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Duke Human Vaccine Institute Researchers Receive BIAL Award for Vaccine Technology



Stephanie Lopez
Stephanie Lopez
919-724-5934 Email

By Angela Spivey

A team that includes seven researchers at the Duke Human Vaccine Institute has won the 2022 BIAL Award in Biomedicine for a study that demonstrated the effectiveness of mRNA-based vaccine technology, which is now used in the Pfizer-BioNTech and Moderna vaccines to prevent COVID-19. 

The award, from the Portugal-based BIAL Foundation, aims to distinguish a work in biomedicine of exceptional quality and scientific relevance. 

The Duke researchers were among 37 co-authors of a paper published in 2017 in the journal Nature that validated a technology developed by Drew Weissman, MD, PhD, of the University of Pennsylvania. 

"This study was important since it was the first successful modified mRNA vaccine," said Barton Haynes, MD, director of the Duke Human Vaccine Institute and the Frederic M. Hanes Distinguished Professor of Medicine. Other Duke co-authors of the study were Laura L. Sutherland, Richard M. Scearce, Robert Parks, Jae-Sung Yu, Charles E. McGee, and Gregory D. Sempowski.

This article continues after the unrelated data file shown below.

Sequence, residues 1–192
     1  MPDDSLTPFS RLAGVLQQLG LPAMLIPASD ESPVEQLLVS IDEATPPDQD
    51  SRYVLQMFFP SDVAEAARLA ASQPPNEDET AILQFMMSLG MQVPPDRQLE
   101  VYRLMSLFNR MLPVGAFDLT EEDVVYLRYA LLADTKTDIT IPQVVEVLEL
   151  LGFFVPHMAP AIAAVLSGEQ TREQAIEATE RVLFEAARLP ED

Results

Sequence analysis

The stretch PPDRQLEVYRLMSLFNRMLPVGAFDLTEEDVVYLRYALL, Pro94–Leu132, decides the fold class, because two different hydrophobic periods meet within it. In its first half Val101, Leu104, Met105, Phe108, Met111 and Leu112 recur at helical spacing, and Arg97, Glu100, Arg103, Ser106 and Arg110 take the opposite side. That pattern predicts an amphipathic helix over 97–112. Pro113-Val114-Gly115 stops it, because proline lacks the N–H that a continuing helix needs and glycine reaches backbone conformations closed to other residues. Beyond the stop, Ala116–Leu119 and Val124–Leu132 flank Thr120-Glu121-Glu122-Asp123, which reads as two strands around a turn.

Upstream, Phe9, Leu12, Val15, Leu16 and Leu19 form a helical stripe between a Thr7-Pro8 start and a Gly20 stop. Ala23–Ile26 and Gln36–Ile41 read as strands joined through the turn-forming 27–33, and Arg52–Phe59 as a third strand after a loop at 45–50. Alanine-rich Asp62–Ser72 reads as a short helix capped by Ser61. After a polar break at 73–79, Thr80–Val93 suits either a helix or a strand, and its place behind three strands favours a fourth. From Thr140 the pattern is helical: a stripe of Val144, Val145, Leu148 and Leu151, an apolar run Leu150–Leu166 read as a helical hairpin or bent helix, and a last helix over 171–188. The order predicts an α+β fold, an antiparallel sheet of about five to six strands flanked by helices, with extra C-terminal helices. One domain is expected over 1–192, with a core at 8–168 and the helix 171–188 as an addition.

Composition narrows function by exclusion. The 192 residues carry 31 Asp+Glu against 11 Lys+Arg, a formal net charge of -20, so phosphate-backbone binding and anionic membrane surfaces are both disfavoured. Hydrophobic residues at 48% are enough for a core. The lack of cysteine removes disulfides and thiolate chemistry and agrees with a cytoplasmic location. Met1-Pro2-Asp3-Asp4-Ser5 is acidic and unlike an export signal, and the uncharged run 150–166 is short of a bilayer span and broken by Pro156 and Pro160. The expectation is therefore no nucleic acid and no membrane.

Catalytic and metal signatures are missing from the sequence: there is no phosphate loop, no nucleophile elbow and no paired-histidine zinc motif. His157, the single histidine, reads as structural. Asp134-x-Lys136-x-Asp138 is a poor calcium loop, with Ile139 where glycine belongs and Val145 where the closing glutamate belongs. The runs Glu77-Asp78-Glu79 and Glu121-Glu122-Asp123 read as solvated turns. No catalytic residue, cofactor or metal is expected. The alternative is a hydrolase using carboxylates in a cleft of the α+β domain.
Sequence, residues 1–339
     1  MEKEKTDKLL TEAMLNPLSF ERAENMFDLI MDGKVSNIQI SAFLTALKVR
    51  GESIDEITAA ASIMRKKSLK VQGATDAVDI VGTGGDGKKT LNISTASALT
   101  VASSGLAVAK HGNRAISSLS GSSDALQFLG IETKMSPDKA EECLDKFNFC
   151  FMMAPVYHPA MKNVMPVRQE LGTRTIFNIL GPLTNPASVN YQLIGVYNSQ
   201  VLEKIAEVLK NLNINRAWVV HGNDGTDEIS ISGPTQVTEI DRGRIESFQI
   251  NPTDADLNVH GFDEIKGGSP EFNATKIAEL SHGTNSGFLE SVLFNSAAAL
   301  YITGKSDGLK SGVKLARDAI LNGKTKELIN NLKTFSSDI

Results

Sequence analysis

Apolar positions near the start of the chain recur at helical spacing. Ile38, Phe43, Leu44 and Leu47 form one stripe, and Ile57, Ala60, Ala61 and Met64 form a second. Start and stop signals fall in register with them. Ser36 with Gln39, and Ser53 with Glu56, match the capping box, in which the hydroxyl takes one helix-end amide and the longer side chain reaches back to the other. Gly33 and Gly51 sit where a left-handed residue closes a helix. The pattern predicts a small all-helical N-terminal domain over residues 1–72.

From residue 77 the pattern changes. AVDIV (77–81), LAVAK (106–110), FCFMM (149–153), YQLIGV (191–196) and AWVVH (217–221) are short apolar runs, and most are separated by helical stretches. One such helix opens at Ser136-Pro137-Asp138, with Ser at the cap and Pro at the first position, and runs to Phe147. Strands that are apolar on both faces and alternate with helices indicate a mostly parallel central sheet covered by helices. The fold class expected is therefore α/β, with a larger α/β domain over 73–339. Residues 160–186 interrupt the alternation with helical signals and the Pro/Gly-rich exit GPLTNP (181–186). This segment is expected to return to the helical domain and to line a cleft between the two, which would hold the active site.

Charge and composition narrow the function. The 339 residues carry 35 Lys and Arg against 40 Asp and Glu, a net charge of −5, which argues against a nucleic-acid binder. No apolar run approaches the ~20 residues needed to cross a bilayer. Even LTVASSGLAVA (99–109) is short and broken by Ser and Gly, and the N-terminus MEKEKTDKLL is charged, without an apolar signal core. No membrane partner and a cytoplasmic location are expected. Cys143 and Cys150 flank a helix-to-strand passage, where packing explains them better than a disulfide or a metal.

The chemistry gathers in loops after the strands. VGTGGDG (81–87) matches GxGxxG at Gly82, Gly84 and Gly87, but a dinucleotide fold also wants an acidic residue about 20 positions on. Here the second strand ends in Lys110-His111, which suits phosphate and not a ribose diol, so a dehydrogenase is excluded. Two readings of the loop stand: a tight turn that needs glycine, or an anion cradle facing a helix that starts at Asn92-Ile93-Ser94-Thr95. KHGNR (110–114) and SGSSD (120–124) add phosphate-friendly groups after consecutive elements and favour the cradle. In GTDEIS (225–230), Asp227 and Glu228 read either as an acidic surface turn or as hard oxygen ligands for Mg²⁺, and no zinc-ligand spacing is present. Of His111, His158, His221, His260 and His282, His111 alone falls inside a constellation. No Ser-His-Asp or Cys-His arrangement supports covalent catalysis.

The paper, titled "Zika virus protection by a single low-dose nucleoside-modified mRNA vaccination," describes the complex work to engineer an mRNA vaccine to treat a disease and demonstrates its efficacy in mice and in monkeys. 

A portion of the work was performed in the state-of-the-art Duke Regional Biocontainment Laboratory. 

Haynes said Weissman is a member of the Duke Consortia for HIV/AIDS Vaccine Development, and the Duke group tested his technology of modified mRNAs in lipid nanoparticles to determine how likely mRNAs would be to work in humans. 

"The mRNA Drew had was for the ZIKA virus, and the National Institutes of Health gave us permission to test it on our HIV grant. We found that after one immunization in monkeys, there were high levels of Zika neutralizing antibodies that completely protected the monkeys in the study," Haynes said. "Because of this study, when COVID mRNA vaccines came along, we already knew that they would work." 

The BIAL Foundation was created in 1994 by the BIAL pharmaceutical company together with the Council of Rectors of the Portuguese Universities. The BIAL Foundation’s mission is to foster the scientific study of the human being from both the physical and spiritual perspectives.  

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